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Community Services and Revitalization Newsroom 

Lots of Possibility Winners Announced

Friday April 25, 2014


Lots of Possibility ideas earn $38,000 in prize money

Mayor Greg Fischer today announced the four winners in the Lots of Possibility competition, which sought innovative citizen ideas for redeveloping vacant lots into productive community assets.

The top honors in the permanent use category went to the dyeScape project, which will cultivate plants to create dyes for natural textile production, and a proposal for building a Habitat for Humanity home for a graduate of the Family Scholar House program. In the temporary use category, the top picks are a project to create lavender herb beds for producing potpourri and oil of lavender, and a proposal for a Mediation Labyrinth that will provide a green space programmed for art, meditation and intergenerational community interactions.

Winners in the permanent use category each receive $15,000 prizes and ownership of the vacant lot(s) they selected to implement their long-term plans. The temporary proposal winners receive $4,000 and one-year, renewable leases to use the space until permanent development can happen.

“Vacant land is both a challenge and an opportunity for our city,” Fischer said. “The Lots of Possibility applicants brought us bold and creative ideas on how to transform these vacant lots into assets that advance sustainability and improve neighborhoods. The hope is that their ideas will have a ripple effect and inspire other creative and innovative uses.”

Lots of Possibility was launched earlier this year to seek community input on ways to take eligible vacant lots owned by the Louisville/Jefferson County Landbank Authority and the Urban Renewal Commission and put them into productive use. More than 100 applications were received from individuals and community groups, which were narrowed to 12 finalists.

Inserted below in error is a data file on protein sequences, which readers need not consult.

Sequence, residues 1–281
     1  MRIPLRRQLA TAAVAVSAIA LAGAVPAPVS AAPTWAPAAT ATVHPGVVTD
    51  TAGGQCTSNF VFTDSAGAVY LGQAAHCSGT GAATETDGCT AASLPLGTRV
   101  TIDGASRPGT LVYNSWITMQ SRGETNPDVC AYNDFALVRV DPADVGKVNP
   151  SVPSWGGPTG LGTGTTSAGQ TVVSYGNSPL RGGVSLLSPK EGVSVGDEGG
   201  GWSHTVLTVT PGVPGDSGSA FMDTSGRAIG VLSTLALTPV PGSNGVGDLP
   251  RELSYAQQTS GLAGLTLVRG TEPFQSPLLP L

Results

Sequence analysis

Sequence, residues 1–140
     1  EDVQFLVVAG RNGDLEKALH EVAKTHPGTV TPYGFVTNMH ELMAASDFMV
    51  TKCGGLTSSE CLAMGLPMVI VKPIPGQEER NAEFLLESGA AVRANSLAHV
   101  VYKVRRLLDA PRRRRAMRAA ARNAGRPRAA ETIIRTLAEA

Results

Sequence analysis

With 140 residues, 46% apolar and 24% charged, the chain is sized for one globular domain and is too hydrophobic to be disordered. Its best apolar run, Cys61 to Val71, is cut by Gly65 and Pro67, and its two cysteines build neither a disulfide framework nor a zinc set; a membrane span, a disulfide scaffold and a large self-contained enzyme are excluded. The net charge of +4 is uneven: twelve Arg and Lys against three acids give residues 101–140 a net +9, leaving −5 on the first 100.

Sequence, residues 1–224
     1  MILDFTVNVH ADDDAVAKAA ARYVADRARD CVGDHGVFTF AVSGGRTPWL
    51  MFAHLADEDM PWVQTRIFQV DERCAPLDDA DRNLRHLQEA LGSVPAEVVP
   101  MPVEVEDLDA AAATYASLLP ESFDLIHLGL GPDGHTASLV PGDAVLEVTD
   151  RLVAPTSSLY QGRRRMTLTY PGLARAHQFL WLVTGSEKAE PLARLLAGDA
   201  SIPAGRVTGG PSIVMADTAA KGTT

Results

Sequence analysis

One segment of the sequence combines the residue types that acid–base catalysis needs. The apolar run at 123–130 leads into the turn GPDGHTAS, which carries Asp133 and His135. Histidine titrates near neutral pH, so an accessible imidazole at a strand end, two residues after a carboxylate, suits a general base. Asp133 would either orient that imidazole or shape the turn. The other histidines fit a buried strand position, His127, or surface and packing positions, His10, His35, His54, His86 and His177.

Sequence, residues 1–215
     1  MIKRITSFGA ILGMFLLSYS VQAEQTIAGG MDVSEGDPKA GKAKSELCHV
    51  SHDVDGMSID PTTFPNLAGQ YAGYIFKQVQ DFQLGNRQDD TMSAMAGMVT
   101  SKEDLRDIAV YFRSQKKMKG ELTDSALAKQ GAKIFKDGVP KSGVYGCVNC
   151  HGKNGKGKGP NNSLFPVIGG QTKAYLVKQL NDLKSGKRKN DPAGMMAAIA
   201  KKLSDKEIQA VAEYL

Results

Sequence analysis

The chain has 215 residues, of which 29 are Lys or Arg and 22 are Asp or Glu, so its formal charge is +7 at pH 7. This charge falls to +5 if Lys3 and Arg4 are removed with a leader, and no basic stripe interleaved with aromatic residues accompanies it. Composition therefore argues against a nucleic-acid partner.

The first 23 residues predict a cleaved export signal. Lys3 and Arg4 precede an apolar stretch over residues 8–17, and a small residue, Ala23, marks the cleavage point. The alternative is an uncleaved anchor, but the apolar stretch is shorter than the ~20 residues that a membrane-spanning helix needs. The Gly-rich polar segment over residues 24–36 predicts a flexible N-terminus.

Finalists then prepared detailed proposals that they presented to a panel of judges. The entries were evaluated based on their financial and technical feasibility, including strong implementation and maintenance plans, community benefit, creativity and ability to be replicated in other areas.

To learn more about the winning entries, read the descriptions below and click on the links to view their full proposals.

· dye Scape - 609 N. 17th St., 1655 Portland Ave. and 1657 Portland Ave. (Permanent Use)
Submitted by Colleen Clines and Maggie Clines with the Anchal Project and Louis Johnson. The urban textile landscape is a network of small-scale gardens that cultivate plant fibers, animal fibers and dye plants for the purpose of natural textile production. This site will demonstrate the potential of plants to provide natural color to materials, teach residents environmental sustainability and entrepreneurship and support local textile production.

· Graduating to Homeownership2926/8 Dumesnil Ave. (Permanent Use)
Submitted by Habitat for Humanity of Metro Louisville and the Family Scholar House (Rob Locke, Jackie Isaacs, and Harvetta Ray). Using Habitat for Humanity’s volunteer construction model, a new energy efficient home will be constructed near the Parkland Family Scholar House (FSH) for a new graduate of the program. The FSH seeks to end the generational cycle of poverty through education, and by staying in the neighborhood, the graduate can continue to benefit from and provide benefit to the FSH community. A new program will also be created to provide financial counseling and application assistance to enable more families to qualify for a Habitat for Humanity home.